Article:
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From what I understand, even when data is overwritten on disk there is a possibility of it being recovered. From what I also understand, replacing/deleting a LUKS key is fast/trivial and does not lead to all the data being rewritten. This suggests to me that there is an important "secondary key" somewhere in the header, which further suggests that if a key has been compromised and replaced, but an attacker can recover a PREVIOUS state of the LUKS header that used that key, they could still access the data. Am I wrong or is this a security concern?

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The short answer: This is a security concern if you fail to maintain physical control over your media and/or choose poor pass-phrases.

Longer answer:

If an attacker gains access to the hard drive at time A, duplicates it, and compromises the key as it was at time A, then all of the data that was present at time A is compromised (but you knew that part).

To the best of my knowledge there is a 'master key' that each passphrase will give you access to. Further, there is no way I could find to easily change the master key without creating a whole new partition for the new master key (it would be hard to do even if it were possible).

What this means is that unless you wipe the hard drive and start over between times A and B then the attacker who compromised the key as it was at time A, and who also gains access to the same drive at time B, has access to the data as it is at time B.


User education and proper response to security threats. If your user loses control of encrypted media and then regains control of it later, you need them to tell you about it, and you need to wipe the machine and re-encrypt it using a different pass-phrase.

Also, count the information that was on the laptop (at time A) as lost or potentially lost if there is any chance that a sophisticated attacker gained access to it and the pass-phrase isn't quite strong.

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As a very short summary of the parts of the LUKS header that are relevant here (not necessarily intended to be 100% technically accurate):

  • A LUKS header contains "key slots"

  • Each key slot contains the "master key" for the container

  • Each key slot is independently encrypted using a key derived from the passphrase

  • Each key slot has its own associated passphrase and key derivation function settings

When you create a LUKS container, a random master key is generated. This is the encryption key that is used to actually encrypt the data on the drive. You are also prompted for a passphrase, which is used to derive an encryption key for the first key slot. The key slot encryption key in turn is used to secure the data in the key slot, including the master key.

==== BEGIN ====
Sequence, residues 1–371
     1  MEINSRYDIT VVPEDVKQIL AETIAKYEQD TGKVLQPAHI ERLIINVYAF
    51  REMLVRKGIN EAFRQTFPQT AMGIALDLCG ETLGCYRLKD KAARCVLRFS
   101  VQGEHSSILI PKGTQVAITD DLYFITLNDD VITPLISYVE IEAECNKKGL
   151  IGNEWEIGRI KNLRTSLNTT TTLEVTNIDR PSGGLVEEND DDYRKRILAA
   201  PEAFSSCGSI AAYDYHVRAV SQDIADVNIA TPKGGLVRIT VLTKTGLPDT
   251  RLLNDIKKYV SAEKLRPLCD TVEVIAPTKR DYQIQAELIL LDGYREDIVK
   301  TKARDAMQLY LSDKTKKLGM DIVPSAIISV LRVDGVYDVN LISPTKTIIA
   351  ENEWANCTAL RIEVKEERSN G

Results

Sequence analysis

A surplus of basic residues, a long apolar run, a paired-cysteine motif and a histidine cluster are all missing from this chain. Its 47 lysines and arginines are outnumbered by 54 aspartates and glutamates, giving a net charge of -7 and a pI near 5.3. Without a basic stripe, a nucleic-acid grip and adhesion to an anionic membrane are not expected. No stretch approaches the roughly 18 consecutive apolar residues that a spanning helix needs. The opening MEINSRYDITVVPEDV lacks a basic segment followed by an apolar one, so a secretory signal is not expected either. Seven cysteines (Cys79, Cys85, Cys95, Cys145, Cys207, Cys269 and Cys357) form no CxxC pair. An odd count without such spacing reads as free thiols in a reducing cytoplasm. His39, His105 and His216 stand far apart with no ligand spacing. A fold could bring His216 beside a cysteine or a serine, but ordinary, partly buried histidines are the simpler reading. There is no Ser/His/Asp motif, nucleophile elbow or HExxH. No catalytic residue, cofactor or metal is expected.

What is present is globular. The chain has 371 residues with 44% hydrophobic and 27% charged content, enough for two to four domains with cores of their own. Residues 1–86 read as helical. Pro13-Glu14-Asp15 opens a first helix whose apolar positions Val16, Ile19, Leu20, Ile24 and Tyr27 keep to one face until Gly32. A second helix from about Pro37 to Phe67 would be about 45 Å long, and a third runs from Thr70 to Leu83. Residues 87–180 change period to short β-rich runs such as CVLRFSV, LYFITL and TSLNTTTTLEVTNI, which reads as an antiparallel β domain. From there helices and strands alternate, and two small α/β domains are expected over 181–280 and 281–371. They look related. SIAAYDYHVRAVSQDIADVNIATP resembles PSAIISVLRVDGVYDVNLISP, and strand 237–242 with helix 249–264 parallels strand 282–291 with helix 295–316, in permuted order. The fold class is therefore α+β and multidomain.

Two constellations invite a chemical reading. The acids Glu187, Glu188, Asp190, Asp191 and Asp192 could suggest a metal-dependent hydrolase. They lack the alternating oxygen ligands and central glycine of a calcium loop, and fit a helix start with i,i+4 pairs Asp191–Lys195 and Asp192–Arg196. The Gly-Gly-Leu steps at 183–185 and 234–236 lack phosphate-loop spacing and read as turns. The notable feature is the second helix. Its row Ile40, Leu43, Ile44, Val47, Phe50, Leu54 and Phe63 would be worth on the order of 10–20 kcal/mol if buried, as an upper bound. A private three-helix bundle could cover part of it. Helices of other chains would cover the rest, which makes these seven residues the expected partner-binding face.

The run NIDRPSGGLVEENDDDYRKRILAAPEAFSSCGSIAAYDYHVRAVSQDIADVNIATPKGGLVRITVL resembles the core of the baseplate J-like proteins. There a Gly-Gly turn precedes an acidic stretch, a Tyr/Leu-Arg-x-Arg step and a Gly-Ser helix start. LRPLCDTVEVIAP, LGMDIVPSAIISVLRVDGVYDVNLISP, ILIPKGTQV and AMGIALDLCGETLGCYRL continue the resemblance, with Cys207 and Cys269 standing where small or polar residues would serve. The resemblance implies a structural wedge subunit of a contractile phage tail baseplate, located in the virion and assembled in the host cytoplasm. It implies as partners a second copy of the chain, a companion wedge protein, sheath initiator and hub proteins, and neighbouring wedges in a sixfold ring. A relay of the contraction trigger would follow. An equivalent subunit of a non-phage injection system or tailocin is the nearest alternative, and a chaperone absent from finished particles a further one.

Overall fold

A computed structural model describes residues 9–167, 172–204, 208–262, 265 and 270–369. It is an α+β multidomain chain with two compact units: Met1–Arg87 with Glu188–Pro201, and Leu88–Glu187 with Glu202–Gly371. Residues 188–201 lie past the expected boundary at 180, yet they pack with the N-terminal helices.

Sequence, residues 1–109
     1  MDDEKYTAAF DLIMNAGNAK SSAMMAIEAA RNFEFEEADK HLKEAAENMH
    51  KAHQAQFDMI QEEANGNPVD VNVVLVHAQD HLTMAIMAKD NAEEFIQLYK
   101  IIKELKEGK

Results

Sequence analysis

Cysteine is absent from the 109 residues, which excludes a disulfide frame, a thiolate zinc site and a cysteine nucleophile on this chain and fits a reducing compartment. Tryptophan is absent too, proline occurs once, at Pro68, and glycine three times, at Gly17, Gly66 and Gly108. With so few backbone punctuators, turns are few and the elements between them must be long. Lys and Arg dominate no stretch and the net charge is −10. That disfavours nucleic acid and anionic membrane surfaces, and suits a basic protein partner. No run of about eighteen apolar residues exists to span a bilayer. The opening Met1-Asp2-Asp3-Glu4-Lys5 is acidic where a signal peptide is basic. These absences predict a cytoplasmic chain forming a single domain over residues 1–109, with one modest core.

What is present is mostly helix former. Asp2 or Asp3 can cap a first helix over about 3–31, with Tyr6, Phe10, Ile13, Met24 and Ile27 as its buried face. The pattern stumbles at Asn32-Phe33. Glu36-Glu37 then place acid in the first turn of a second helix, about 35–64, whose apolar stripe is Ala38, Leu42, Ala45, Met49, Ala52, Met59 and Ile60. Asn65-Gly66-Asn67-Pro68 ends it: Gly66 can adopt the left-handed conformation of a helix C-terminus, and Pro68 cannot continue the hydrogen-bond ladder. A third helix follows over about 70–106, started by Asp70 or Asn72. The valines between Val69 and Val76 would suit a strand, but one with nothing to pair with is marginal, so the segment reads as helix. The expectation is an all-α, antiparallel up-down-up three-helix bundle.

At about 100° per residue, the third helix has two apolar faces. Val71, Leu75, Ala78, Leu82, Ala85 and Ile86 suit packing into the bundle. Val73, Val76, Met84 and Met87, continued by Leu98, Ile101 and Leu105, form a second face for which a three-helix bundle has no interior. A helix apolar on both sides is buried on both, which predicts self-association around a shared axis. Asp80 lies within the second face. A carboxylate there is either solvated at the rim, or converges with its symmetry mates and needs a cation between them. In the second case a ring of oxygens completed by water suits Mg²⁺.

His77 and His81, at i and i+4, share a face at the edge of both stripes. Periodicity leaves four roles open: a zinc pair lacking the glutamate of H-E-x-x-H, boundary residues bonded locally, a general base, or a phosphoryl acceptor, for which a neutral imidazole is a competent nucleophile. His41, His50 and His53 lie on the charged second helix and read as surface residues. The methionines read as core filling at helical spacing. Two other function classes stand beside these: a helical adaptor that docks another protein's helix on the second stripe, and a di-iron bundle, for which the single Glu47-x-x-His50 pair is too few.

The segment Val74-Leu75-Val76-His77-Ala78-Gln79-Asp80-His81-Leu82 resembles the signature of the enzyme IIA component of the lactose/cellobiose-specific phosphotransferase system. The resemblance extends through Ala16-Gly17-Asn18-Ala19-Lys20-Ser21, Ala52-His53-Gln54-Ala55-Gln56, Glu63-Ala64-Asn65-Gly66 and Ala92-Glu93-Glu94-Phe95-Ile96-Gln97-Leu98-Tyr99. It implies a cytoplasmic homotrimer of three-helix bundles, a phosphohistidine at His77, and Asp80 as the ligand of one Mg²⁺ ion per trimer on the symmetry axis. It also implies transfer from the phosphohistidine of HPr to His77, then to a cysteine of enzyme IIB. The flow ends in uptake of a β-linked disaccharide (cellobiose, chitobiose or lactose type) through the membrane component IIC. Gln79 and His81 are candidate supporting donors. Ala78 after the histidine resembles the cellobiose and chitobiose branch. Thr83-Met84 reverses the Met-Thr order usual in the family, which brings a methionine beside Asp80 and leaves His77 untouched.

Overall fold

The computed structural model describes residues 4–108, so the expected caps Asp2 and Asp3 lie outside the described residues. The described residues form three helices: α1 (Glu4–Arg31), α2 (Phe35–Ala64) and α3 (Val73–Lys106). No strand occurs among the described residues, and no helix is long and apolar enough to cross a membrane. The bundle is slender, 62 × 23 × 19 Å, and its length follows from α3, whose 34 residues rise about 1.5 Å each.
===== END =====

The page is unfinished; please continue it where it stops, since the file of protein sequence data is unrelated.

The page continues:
Until semi-recently, LUKS had no convenient way to change the master key; it was essentially "burned into" the container at the time of creation. This was a problem for example if container creation happened in an entropy-starved situation, such as early during initial system installation. Nowadays (since cryptsetup 1.5), there is cryptsetup-reencrypt which is provided by default in modern distributions, which among other things allow you to change the container master key by re-encrypting all the data in the container.

A LUKS header backup contains all the data that the LUKS header contains. In other words, the master key, protected by (possibly a set of different) passphrase(s). It is equally possible for an attacker to attack the LUKS container through a header backup or a copy of a detached header, as through direct access to the container.

Hence, if an attacker has access to the LUKS header for a container, they can attack the key slots at their leisure. Once they are able to pry open one of the key slots, they have the key that would be used when the header was dumped to decrypt the data in the container. If the header that the attacker has access to was protected with a weak passphrase or with weak PBKDF settings (particularly the iteration count), this may be a problem.

Again hence, unless you reencrypt the container using a different key (you can stay with the same cipher and cipher settings), such an attacker can use the master key they now know about to access the data in the container at some later time.

To mitigate against this threat, it is not sufficient to change the passphrase; you have to reencrypt the container.

Of course, if the attacker was able to duplicate not just the LUKS header but also the contents of the container itself, and the attacker manages to pry one key slot open, then the data is instantly compromised.

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